The salad course mated CreekSide Alt Bier with grilled squash and smoked tomato spinach salad topped with toasted pine nuts and balsamic reduction. CreekSide Alt Bier was a collaboration with Burnside Brewing Company for the Craft Brewers Conference (6.0 percent ABV, 18 IBUs). Its grain bill consists of German malts with the addition of cherry wood-smoked malt. It pours a clear, coppery-amber with a nose of light cherry and the clean, crisp scent of German ale yeast. Clean and well-balanced, the light smoke — more of a feeling than a taste — comes through with just a hint of cherry. The smokiness was matched nicely, and indeed topped, by the smoked tomatoes. The almost imperceptible sweetness of the grilled squash brought out the sweetness in the beer, while the caramel flavors from the roasted vegetables melded wonderfully with the caramel notes in the beer.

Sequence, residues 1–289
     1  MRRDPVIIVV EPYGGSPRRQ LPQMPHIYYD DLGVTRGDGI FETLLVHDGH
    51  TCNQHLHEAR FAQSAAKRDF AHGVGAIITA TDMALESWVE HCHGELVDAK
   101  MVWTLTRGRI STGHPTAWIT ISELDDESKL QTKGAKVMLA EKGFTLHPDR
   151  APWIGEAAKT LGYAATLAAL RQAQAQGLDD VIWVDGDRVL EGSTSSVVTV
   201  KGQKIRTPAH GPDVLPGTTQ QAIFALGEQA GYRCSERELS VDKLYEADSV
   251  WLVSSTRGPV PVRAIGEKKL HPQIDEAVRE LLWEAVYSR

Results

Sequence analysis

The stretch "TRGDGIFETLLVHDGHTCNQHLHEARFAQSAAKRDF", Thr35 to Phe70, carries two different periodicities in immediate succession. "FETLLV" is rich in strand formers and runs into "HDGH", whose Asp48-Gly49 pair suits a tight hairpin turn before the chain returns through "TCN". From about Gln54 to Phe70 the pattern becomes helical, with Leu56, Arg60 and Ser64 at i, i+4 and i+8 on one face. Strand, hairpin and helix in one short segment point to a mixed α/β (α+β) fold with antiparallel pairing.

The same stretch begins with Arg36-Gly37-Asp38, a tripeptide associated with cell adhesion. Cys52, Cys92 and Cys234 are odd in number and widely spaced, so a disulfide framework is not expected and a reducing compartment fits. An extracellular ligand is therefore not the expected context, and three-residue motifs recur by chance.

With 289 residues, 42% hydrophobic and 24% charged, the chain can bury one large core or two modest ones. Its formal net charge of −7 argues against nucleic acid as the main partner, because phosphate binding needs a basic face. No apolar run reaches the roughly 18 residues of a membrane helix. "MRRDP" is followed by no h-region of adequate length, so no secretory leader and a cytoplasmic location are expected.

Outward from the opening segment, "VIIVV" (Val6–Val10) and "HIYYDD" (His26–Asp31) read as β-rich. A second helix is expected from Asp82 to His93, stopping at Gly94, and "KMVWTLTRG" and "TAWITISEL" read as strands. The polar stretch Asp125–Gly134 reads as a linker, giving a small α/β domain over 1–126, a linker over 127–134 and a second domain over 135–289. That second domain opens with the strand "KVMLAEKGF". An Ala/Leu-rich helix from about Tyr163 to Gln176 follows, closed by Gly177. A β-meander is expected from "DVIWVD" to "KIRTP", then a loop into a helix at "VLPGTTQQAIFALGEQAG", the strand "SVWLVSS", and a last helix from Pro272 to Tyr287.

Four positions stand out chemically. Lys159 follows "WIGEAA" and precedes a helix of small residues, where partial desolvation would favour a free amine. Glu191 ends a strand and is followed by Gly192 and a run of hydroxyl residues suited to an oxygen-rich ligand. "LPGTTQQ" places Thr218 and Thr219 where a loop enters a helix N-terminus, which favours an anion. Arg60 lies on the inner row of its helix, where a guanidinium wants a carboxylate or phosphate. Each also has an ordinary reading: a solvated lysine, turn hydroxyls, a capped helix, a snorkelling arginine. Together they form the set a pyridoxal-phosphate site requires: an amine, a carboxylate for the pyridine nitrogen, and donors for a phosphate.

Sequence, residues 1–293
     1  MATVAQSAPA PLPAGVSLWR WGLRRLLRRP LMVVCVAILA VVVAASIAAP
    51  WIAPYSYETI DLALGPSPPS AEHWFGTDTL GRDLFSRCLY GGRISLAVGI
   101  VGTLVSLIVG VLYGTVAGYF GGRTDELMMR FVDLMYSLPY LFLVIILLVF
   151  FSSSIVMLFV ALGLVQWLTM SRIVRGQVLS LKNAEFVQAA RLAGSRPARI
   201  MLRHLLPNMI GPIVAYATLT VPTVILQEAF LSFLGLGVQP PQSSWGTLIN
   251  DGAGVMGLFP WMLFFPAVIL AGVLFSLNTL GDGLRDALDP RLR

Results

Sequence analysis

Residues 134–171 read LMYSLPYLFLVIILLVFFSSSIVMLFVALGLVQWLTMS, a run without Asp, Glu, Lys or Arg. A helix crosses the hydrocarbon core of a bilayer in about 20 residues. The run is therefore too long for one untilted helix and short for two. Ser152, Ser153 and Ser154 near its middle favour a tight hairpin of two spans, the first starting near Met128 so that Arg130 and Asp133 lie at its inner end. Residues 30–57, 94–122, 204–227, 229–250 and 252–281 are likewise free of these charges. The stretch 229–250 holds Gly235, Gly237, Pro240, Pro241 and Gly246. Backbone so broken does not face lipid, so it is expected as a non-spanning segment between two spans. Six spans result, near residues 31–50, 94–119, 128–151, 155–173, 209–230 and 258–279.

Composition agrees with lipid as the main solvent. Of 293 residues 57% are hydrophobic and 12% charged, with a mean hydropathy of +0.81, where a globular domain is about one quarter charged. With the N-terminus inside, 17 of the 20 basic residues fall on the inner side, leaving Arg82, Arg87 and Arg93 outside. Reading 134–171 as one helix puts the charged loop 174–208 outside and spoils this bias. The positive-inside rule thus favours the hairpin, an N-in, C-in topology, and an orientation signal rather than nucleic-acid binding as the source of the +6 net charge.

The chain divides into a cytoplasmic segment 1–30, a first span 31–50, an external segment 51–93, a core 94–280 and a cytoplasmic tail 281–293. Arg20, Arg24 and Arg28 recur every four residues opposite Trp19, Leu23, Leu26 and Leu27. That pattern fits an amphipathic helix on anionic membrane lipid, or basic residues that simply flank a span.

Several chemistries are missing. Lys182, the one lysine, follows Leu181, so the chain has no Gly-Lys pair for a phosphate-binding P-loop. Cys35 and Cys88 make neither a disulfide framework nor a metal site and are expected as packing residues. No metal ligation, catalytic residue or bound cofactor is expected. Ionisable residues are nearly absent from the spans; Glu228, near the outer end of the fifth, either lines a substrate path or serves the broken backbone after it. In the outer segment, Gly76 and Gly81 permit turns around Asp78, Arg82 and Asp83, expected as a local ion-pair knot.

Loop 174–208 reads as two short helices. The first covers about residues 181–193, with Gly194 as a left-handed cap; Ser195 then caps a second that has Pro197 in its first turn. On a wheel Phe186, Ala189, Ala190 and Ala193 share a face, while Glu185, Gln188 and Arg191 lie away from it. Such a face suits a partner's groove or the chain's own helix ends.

Stampede Ale, the spring release in the Desperado Series, was paired with beer-brined rack of lamb with mint pesto, cranberry and gorgonzola mac and cheese, and almond broccolini for the entree. Stampede is a Northwest-style strong ale (9.1 percent ABV, 70 IBUs) with the malty biscuity aroma of Maris Otter. It pours a translucent dark amber and seems a sort of dark barley wine in aroma, looks and taste. The three-hour boil creates a solid body tasting of dark brown sugar, dark stone fruits and hints of dark chocolate. The lamb, which was marinated in Stonefly Rye for a couple of days, toned down the bitterness in the beer some, which I appreciated, while the beer was strong enough to stand up to the fat of the lamb. The mint in the pesto pulled out some of the caramel notes in the lamb and the beer helping to make it a great pairing. The mac and cheese highlighted the chocolate and also toned down the beer’s bitterness. Again, the beer was strong enough to scrub the cheese’s fat right from the mouth. This whole plate and beer were my favorite pairing of the evening.